Raise the carWith the jack properly positioned, raise the vehicle until the flat tire is about six inches above the ground. Turn the handle of the jack clockwise to begin raising the platform. Once the platform on the jack makes contact with the vehicle, please take a look at the point where the jack meets the frame to confirm it’s on your frame.
Remove the lug nutsPop the nuts off by hand and pull the tire off. You already loosened the nuts, so removing them should be straightforward. Use the tire iron and brace the tire with your non-dominant hand if necessary. With all the lug nuts removed, slide your busted wheel off of the axle and set it aside.
Remove the flat tireGripping the tire by the treads, pull it gently toward you until it’s completely free from the hub behind it. Set it on its side so that it doesn’t roll away.
11. Mount the spare tire on the bolts
Now place the spare on the hub by lining up the rim with the lug bolts. Push gently until the lug bolts show through the rim.
12. Change flat tire
Wait to tighten the nuts using the tire iron. Gently slide each over the bolt and tighten it by hand to partially lock them in place. You will tighten the lug nuts again once the car is down and there is no risk of falling.
With the wheel on the axle, lower the jack and remove it. Turn the handle or bolt on the jack counterclockwise to lower the vehicle. Continue lowering the vehicle until the tire is comfortably back on the ground. Then, carefully remove the jack from underneath and set it back in your trunk.
Completely tighten the nuts until they don’t turn any further. Tighten each nuts 3-4 times using the tire iron, then move on to the lug nuts on the opposite side. Work in a star pattern to ensure the nuts are secured in an even pattern. Continue tightening the nuts in a cycle until all the lug nuts are entirely secure.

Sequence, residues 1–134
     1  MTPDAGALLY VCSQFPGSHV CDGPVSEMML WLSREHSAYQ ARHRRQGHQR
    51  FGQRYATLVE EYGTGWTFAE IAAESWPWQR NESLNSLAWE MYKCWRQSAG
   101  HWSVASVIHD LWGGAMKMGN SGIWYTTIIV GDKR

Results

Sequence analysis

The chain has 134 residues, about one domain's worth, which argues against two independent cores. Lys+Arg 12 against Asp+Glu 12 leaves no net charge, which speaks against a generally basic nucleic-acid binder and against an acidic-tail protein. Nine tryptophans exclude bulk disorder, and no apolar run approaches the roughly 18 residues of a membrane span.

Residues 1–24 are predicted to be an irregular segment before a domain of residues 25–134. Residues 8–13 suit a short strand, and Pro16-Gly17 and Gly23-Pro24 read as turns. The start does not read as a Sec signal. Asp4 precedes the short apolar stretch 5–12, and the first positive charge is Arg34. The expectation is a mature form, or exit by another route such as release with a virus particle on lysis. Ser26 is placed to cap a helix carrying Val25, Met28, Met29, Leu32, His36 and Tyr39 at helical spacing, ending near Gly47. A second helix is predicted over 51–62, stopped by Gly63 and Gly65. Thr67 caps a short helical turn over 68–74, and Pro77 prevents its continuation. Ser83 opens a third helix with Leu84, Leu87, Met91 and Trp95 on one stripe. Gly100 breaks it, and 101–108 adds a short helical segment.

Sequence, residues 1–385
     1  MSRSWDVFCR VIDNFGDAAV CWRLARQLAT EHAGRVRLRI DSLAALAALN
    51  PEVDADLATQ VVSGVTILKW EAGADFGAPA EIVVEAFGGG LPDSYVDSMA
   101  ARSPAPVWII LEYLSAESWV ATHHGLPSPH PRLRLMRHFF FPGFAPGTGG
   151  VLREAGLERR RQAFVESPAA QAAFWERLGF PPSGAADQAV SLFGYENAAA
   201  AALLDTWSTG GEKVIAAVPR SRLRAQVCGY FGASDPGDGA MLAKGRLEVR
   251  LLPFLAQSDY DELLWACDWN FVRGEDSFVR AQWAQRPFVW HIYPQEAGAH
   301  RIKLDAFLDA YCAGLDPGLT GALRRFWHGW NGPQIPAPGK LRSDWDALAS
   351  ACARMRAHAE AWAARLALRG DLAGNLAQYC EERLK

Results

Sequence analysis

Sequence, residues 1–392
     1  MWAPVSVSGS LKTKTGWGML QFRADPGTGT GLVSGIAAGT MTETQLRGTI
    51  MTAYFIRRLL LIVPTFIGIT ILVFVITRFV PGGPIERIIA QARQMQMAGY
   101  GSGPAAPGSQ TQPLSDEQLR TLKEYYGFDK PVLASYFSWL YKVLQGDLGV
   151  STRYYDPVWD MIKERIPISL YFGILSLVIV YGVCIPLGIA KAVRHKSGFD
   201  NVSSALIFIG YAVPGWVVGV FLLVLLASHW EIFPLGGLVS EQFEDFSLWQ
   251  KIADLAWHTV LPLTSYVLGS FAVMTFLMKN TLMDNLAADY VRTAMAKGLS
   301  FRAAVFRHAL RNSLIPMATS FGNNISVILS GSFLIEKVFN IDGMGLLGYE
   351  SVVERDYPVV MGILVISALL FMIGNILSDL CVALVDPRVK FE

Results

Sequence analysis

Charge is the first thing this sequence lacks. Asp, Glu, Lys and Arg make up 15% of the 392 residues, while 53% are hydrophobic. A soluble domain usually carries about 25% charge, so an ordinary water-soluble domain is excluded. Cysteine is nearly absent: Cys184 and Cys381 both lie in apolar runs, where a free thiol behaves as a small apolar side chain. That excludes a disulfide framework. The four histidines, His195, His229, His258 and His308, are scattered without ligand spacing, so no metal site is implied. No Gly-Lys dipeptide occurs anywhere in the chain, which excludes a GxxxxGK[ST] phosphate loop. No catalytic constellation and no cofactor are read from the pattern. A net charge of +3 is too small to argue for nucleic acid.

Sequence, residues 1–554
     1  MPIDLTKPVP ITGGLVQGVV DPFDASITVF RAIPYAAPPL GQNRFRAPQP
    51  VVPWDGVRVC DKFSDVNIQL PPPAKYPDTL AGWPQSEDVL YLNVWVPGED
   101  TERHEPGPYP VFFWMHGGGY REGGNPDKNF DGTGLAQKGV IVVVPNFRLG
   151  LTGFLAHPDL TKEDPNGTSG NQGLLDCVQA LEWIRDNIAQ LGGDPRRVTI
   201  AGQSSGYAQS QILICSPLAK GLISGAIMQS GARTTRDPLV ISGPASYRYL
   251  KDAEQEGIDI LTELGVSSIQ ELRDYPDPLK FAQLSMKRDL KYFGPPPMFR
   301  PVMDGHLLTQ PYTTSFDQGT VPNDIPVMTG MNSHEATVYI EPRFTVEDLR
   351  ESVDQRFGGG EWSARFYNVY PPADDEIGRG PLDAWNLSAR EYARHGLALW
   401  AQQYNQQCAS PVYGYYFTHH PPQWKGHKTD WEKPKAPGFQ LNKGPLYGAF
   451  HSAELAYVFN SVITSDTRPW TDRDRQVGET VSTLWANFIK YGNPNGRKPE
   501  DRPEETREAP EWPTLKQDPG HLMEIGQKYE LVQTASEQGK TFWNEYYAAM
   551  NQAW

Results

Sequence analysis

13. Replace all steps and get your tire fixed
Keep your speed under 50 miles per hour (80 km/h), and don’t go further than 50 miles (80 km). If your spare is a full-size tire (rather than a donut), you can drive the same way you usually would. Check your tire pressure and fill your spare with air as needed. This is especially important if the spare has been in your trunk for a while, since it may have leaked a little in storage.
Head to an auto shop as soon as you can. Small punctures can usually be repaired for $15-100. If the tire is not repairable, you may need a replacement one.
Tire jack usage
A tire jack, also known as a car jack, is an essential tool for any vehicle owner. It is primarily used to lift cars and other vehicles off the ground to facilitate tire changes and perform routine maintenance. This simple tool operates using the principles of mechanical advantage to allow a human to lift a weight several times their own body weight. The correct usage of a tire jack is crucial not only for effective vehicle maintenance but also to ensure safety during its operation.
The first step in using a tire jack is to locate the jack points on your vehicle. These are typically indicated in the vehicle’s owner manual and are specifically designed to handle the weight of the vehicle when lifted. Placing the jack in the wrong location can result in severe damage to the vehicle and potentially dangerous situations.
Once the correct jack points have been located, position the jack underneath and ensure it is on stable, level ground. If you’re on an incline, use wheel chocks or similar objects to prevent the car from rolling. Begin to operate the jack handle, ensuring that it remains stable as the vehicle begins to lift. Don’t rush this process; slow and steady is safer and allows you to stop if you notice any instability.